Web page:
Respondent contends that Lions in Sight's December 28, 2007, letter to Mr. Campbell was not a proper CWA because it did not address the "goods or services" question. We agree (although we recognize that petitioners claim, and it can be inferred from the record, that Mr. Campbell's Lions in Sight donation was [*24] not made with the expectation of a quid pro quo). The letter merely acknowledged his "generous gift of prescription eyeware [sic]" and how his contribution would assist Lions in Sight; it made no mention of whether Lions in Sight provided any goods or services in consideration for Mr. Campbell's contribution. As we have stated many times, the CWA must affirmatively state that no consideration was provided for the contributed property regardless of whether a taxpayer actually received any consideration; this is a mandatory requirement and no deduction will be allowed if the CWA does not include such a statement. See, e.g., French v. Commissioner, T.C. Memo. 2016-53, at *8; Crimi v. Commissioner, T.C. Memo. 2013-51, at *92-*93; Durden v. Commissioner, T.C. Memo. 2012-140, slip op. at 7-8; Friedman v. Commissioner, T.C. Memo. 2010-45, slip op. at 14. "The deterrence value of * * * [a total denial of a deduction in the case of an improper CWA] comports with the effective administration of a self-assessment and self-reporting system." Addis v. Commissioner, 374 F.3d 881, 887 (9th Cir. 2004), aff'g 118 T.C. 528 (2002).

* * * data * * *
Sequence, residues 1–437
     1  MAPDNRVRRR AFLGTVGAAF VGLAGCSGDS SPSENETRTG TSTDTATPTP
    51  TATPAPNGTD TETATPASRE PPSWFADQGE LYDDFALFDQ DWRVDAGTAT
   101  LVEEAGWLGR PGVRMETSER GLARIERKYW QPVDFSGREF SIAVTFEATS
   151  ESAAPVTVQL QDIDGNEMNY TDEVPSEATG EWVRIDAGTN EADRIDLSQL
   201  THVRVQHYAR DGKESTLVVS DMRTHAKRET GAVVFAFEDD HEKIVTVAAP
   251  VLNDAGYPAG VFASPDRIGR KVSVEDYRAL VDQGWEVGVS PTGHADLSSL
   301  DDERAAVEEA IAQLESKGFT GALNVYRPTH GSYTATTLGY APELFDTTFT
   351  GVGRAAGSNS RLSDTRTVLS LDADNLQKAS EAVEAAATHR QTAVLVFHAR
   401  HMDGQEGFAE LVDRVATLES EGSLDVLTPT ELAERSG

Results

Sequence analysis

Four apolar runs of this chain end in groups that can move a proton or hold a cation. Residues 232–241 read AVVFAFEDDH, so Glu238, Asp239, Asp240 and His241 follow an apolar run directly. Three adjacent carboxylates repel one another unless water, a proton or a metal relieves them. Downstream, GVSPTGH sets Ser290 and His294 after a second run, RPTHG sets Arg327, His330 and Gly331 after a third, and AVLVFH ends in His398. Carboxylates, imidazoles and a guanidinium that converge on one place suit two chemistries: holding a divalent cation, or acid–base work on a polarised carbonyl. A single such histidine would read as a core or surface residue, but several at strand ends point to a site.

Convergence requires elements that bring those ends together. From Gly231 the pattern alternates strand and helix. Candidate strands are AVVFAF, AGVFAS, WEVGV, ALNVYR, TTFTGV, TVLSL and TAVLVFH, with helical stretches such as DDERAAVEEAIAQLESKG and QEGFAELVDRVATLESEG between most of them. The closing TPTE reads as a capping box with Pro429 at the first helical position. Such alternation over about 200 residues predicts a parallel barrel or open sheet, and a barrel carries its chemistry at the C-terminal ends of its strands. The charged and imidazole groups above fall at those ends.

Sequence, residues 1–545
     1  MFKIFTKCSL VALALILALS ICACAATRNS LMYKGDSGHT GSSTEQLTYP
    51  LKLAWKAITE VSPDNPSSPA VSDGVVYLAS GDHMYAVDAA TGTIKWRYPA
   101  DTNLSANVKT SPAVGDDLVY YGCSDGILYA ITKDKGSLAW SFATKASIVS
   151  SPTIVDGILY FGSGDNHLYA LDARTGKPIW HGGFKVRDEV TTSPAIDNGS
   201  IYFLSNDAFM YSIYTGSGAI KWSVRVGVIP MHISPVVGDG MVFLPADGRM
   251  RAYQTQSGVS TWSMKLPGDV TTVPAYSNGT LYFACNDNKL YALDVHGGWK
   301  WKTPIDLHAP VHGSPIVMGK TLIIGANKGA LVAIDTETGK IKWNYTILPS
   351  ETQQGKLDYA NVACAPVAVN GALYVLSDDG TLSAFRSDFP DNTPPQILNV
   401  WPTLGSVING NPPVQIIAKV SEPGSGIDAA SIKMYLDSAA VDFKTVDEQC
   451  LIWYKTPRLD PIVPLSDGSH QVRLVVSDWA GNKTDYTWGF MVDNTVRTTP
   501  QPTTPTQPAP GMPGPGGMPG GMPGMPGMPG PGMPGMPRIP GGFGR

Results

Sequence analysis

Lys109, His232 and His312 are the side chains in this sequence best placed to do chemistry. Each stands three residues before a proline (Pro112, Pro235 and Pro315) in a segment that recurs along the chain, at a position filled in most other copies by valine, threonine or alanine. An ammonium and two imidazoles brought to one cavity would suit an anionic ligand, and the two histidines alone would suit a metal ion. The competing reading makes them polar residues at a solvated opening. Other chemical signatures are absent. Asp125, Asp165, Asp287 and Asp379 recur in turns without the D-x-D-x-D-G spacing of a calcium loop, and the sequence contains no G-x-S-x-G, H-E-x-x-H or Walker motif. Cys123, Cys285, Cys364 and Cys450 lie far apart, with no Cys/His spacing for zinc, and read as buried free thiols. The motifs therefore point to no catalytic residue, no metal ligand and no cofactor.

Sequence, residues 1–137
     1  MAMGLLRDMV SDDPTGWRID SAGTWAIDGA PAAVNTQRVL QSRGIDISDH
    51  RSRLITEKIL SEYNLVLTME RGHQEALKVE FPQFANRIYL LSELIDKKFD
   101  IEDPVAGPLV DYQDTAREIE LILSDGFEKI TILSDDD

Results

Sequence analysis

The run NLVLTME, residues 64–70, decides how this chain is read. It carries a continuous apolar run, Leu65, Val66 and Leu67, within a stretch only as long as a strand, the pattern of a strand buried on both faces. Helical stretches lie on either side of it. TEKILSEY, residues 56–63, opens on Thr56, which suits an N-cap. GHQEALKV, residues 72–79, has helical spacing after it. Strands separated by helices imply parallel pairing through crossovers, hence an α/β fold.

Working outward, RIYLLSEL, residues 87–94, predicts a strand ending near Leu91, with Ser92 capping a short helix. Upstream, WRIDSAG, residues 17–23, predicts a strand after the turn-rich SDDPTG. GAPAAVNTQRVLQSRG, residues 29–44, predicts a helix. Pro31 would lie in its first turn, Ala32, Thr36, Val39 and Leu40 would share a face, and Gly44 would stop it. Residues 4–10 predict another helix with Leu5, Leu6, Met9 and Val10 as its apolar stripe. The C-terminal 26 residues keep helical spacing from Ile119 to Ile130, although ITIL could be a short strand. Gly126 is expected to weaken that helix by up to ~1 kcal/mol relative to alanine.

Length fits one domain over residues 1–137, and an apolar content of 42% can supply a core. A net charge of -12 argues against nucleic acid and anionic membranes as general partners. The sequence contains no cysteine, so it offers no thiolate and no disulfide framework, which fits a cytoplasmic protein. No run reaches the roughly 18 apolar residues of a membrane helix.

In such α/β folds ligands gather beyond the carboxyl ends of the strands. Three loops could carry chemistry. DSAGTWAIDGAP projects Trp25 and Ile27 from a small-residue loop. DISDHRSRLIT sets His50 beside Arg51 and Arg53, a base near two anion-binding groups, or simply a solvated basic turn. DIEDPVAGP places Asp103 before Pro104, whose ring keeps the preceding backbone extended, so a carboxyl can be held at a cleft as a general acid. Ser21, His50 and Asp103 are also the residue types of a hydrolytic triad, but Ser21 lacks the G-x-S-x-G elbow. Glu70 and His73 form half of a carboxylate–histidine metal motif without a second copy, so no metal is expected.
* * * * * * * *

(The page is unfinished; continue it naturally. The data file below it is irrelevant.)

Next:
Accordingly, we hold that petitioners did not strictly comply with the requirement under section 170 and the regulations thereunder that the taxpayer obtain a CWA.

[*25] 3. Substantial Compliance